Four of the team’s top-five scorers right this season are age 24 or younger, including three (Patrik Laine, Nikolaj Ehlers and Kyle Connor) that are age 21 or younger.

Since the start of the 2015-16 season Mark Scheifele (currently the team’s leading scorer) and the criminally underrated Blake Wheeler have been two of the top-eight point producers in the NHL.

Only six players have scored more goals than Laine since the start of last season (Laine’s first in the NHL), while Ehlers is on pace for his second 60-plus point season before his age 22 season.

These are all top-line players and currently some of the most productive in the entire NHL. And other than Wheeler, they are all still young enough that their best days might still be in front of them.

Put all of that together and you have a team that has been one of the best offensive teams in the league for two years now and one that probably still has a chance to get better.

Winnipeg fans waited a long to get an NHL team back, and for six years the team they were given was just a rebranded version of the Atlanta Thrashers that just happened to be playing in a different city.

It’s taken a long time, and a lot of patience, but they finally have a team that is worth getting excited about and a team that might actually be worthy of being labeled as a contender.

Adam Gretz is a writer for Pro Hockey Talk on NBC Sports. Drop him a line at phtblog@nbcsports.com or follow him on Twitter @AGretz.

PHT Morning Skate: Not time to fire Babcock; Who are elite goalies?

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Welcome to the PHT Morning Skate, a collection of links from around the hockey world. Have a link you want to submit? Email us at phtblog@nbcsports.com.
• It’s not time for the Leafs to fire Mike Babcock, but they should look at moving William Nylander. (Toronto Star)

• Who are the elite, good and replaceable goalies in the NHL? (Pension Plan Puppets)

• Teammates and rivals share their stories about Hall-of-Famer Hayley Wickenheiser. (Sportsnet)

• Canadiens rookies Nick Suzuki and Cale Fleury have improved every game. (Habs Eyes on the Prize)

• Find out how the Washington Capitals have looked through 20 games. (Russian Machine Never Breaks)

• What’s wrong with Sergei Bobrovsky? (The Rat Trick)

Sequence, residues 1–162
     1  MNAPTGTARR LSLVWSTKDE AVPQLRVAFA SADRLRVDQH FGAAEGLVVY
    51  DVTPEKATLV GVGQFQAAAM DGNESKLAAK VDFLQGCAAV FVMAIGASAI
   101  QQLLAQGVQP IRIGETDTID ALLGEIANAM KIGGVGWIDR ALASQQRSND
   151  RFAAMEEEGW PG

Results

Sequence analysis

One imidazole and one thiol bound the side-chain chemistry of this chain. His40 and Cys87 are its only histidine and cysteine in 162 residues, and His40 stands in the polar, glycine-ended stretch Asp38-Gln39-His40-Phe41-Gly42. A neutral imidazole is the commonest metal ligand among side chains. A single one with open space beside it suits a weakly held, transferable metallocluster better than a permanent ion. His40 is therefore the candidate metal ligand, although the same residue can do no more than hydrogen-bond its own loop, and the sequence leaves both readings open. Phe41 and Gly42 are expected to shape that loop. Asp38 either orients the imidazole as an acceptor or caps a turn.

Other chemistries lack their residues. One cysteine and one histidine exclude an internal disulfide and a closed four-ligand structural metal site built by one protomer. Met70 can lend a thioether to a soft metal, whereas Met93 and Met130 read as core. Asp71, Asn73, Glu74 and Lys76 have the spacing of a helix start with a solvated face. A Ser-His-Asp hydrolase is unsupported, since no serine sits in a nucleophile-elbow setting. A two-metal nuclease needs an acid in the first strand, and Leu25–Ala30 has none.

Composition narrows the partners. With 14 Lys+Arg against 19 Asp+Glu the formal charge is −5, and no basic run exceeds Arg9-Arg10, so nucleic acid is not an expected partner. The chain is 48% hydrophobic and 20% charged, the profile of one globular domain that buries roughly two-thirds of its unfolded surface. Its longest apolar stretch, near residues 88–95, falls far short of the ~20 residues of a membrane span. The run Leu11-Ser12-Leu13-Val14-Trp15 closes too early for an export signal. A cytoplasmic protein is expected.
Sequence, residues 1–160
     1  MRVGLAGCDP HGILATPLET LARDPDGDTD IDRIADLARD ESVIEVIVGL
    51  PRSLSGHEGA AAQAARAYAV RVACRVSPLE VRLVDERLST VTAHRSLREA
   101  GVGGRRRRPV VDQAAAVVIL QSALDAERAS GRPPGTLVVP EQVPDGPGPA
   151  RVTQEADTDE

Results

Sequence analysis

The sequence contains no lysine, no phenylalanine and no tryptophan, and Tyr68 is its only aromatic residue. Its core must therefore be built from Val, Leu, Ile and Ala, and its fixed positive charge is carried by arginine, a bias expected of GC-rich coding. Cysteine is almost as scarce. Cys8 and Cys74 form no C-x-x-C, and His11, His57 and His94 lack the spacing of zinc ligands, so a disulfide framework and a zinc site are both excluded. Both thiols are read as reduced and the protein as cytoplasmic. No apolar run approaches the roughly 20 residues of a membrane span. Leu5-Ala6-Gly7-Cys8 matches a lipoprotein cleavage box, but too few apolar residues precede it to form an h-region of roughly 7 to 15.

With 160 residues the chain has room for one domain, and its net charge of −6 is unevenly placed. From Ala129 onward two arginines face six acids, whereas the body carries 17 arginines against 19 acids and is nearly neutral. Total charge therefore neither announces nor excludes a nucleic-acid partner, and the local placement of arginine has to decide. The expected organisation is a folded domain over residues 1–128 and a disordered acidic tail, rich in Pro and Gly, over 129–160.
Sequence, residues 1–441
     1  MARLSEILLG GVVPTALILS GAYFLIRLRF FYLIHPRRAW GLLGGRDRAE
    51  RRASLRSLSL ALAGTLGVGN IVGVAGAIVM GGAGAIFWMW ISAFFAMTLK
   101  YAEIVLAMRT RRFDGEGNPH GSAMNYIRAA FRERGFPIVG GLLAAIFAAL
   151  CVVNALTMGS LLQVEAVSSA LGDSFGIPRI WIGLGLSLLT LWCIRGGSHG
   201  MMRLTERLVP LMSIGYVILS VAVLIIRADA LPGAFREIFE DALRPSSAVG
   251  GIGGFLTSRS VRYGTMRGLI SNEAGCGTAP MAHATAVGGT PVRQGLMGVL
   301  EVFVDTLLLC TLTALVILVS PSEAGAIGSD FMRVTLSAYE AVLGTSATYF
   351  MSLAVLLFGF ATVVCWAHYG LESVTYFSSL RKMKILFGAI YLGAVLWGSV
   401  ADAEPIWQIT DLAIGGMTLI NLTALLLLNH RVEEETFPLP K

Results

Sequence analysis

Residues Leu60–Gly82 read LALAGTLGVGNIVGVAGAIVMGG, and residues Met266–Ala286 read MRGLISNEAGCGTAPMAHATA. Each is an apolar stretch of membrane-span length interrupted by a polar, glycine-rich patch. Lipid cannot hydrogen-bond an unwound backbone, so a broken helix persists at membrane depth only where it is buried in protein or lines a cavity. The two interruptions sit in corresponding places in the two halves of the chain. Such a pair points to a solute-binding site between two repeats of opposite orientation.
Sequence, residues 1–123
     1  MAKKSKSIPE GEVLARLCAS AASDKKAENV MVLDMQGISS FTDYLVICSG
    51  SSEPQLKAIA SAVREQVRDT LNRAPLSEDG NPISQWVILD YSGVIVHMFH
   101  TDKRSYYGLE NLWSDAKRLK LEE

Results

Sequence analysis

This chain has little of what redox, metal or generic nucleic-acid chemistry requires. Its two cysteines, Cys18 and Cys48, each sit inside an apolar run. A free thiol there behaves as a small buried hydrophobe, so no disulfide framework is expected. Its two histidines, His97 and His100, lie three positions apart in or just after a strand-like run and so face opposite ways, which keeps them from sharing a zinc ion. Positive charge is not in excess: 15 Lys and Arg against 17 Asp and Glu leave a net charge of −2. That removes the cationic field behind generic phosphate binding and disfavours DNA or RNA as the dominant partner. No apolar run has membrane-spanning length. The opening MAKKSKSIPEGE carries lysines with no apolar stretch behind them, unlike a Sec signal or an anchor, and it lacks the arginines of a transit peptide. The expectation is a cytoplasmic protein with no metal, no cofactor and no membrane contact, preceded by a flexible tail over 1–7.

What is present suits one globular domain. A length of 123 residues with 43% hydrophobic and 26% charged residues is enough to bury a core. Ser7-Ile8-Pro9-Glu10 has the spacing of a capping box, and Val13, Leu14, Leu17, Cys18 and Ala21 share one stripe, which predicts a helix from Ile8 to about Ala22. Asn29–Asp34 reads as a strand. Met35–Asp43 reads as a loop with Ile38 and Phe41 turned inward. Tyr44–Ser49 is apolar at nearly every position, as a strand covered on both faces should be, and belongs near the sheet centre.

• Jim Rutherford put the final touches on his Hall-of-Fame career by fixing the Penguins. (Pensburgh)

Robby Fabbri has given the Red Wings’ second line a spark. (MLive.com)

• The Golden Knights have had a different start to the season than they did one year ago. (Sinbin.Vegas)

• How much has Patrik Laine really improved this season? (Arctic Ice Hockey)

Martin Jones has been key during San Jose’s six-game winning streak. (NBC Sports Bay Area)

• Stars head coach Jim Montgomery was once traded for Guy Carbonneau. (Dallas Morning News)

Jason Zucker is struggling to find the back of the net. (Hockey Wilderness)

• Here are five players that are providing the least amount of value right now. (The Hockey News)

Joey Alfieri is a writer for Pro Hockey Talk on NBC Sports. Drop him a line at phtblog@nbcsports.com or follow him on Twitter @joeyalfieri.

Meet the 2019 Hockey Hall of Fame class

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The 2019 Hockey Hall of Fame class is unique in the contributions the six inductees gave to the game. 

There’s the leader and two-way dynamo; the defector who left a successful career at home to come to North America and pursue his hockey dream; the dominant force in the women’s game who led Canada to great international success; the consistent offensive threat from the blue line wherever he played; the GM who after a long playing career established himself as a successful team builder, helping to lead two different franchises to Stanley Cups; and finally, the college coach who has over 1,000 wins on his resume and five national championships.